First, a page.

Mark Twain under Fire tracks the genesis and evolution of Twain's reputation as a writer: his reception as a humorist, his "return fire" on genteel critics, and the development of academic criticism. As a history of Twain criticism, the book draws on English and foreign-language scholarship. Fulton discusses the forces and ideas that have influenced criticism, revealing how and why Mark Twain has been "under fire" from the advent of his career to the present day, when his masterpiece Huckleberry Finn remains one of America's most frequently banned books.
Camden House, 2016; Boydell & Brewer, 2018 ISBN 9781640140349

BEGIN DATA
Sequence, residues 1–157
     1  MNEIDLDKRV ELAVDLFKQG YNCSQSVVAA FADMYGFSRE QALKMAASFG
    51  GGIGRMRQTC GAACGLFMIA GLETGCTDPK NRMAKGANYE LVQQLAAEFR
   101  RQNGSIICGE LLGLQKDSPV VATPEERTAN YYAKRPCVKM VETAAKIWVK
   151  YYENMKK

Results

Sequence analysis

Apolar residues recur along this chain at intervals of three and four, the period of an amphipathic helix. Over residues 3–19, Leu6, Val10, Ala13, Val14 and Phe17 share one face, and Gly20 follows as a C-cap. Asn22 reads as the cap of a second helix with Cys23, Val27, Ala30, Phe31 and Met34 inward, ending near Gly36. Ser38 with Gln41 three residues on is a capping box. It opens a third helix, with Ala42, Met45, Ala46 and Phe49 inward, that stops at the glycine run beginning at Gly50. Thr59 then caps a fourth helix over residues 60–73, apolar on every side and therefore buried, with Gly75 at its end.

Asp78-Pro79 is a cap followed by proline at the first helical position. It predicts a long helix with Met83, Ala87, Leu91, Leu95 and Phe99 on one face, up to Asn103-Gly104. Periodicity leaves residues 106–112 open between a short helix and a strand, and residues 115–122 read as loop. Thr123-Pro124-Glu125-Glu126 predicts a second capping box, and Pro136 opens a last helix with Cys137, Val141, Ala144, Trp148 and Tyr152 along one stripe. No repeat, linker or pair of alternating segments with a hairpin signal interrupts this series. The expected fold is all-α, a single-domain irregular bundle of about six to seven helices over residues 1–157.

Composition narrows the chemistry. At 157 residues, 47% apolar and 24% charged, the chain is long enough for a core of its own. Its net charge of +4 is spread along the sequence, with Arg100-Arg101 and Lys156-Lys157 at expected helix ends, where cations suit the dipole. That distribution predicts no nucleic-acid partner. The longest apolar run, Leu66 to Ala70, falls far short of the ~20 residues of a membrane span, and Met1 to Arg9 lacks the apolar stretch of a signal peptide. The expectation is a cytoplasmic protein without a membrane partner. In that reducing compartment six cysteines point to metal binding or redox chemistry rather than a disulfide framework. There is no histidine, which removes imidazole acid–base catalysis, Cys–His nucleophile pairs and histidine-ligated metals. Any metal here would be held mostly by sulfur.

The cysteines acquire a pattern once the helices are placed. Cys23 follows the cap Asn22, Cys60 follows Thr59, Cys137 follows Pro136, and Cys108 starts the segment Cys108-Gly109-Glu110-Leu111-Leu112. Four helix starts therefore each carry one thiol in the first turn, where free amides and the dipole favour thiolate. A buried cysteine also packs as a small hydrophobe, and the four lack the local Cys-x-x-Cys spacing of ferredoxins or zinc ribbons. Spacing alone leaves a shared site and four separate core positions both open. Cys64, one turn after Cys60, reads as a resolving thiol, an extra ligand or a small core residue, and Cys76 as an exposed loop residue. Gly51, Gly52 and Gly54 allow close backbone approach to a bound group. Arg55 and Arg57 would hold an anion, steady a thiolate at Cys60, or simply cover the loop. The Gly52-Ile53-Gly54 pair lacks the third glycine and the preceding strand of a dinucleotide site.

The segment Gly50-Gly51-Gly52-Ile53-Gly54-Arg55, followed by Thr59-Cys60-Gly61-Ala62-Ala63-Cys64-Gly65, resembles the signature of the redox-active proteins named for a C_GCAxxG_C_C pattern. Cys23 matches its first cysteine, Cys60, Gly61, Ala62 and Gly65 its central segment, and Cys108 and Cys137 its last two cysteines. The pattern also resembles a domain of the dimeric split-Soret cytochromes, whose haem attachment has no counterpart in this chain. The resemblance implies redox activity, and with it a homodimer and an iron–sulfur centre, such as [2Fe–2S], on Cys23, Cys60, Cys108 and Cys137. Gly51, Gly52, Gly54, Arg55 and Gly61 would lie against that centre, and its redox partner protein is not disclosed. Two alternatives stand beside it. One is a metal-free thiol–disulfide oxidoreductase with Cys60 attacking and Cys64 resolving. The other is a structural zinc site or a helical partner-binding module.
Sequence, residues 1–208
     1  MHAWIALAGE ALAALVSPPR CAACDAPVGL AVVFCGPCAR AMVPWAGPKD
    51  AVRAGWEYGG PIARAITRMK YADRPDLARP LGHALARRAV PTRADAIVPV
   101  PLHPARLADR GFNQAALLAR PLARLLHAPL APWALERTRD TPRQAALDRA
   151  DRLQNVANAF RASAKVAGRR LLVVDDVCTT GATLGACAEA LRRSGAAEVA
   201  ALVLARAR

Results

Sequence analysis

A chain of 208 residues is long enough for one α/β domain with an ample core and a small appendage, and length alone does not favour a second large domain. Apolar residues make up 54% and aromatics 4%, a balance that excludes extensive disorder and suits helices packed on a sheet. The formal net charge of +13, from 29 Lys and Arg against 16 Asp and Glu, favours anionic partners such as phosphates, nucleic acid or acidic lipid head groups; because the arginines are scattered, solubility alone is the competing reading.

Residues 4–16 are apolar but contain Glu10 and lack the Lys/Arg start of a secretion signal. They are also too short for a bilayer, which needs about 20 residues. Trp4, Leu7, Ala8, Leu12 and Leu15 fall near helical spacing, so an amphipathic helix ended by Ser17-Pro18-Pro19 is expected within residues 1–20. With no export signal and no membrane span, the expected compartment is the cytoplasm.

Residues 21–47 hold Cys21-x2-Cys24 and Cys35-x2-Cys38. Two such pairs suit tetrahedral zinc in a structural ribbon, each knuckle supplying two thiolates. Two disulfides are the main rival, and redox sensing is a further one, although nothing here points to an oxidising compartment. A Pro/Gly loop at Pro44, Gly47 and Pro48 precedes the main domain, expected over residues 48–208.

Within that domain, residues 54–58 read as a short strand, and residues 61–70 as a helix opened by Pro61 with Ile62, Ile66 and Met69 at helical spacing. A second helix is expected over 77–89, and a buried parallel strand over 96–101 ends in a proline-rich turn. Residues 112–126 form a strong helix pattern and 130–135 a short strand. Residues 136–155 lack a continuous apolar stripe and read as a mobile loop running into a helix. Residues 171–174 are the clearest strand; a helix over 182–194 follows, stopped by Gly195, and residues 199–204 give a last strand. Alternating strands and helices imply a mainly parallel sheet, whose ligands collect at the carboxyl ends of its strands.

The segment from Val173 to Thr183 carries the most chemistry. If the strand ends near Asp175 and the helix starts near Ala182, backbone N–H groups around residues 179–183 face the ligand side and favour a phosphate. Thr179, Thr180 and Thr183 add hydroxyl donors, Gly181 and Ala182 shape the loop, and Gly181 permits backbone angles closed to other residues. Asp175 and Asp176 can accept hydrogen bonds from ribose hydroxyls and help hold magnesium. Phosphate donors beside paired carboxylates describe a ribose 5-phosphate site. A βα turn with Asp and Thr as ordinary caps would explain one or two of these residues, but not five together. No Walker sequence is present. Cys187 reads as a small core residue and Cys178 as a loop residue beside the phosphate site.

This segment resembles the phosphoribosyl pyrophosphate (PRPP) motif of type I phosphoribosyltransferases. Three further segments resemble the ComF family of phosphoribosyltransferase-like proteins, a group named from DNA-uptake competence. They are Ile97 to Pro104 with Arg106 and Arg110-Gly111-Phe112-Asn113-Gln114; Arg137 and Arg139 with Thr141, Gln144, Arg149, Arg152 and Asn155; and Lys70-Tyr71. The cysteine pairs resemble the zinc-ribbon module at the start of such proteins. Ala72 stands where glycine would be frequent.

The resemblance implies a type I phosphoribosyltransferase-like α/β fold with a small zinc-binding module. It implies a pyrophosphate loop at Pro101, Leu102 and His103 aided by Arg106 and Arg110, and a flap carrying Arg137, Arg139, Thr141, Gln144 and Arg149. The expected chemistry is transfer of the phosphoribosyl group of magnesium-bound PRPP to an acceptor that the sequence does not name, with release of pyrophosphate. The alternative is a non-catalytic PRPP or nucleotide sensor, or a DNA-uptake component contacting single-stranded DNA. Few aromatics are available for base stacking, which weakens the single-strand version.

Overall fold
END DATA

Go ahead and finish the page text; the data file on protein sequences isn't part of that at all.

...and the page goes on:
"Very few will think back to the initial reception of Twain's earliest newspaper writings, where this book begins. Fulton begins with those earliest writings and their reception, and explains how Twain's reputation evolved during his lifetime, and how his reputation continued to evolve as his writings attracted more serious criticism. He digs deep into many of the controversies that have followed ever since, producing a reliable and comprehensive survey of Mark Twain criticism." —Kevin MacDonnell, Mark Twain Forum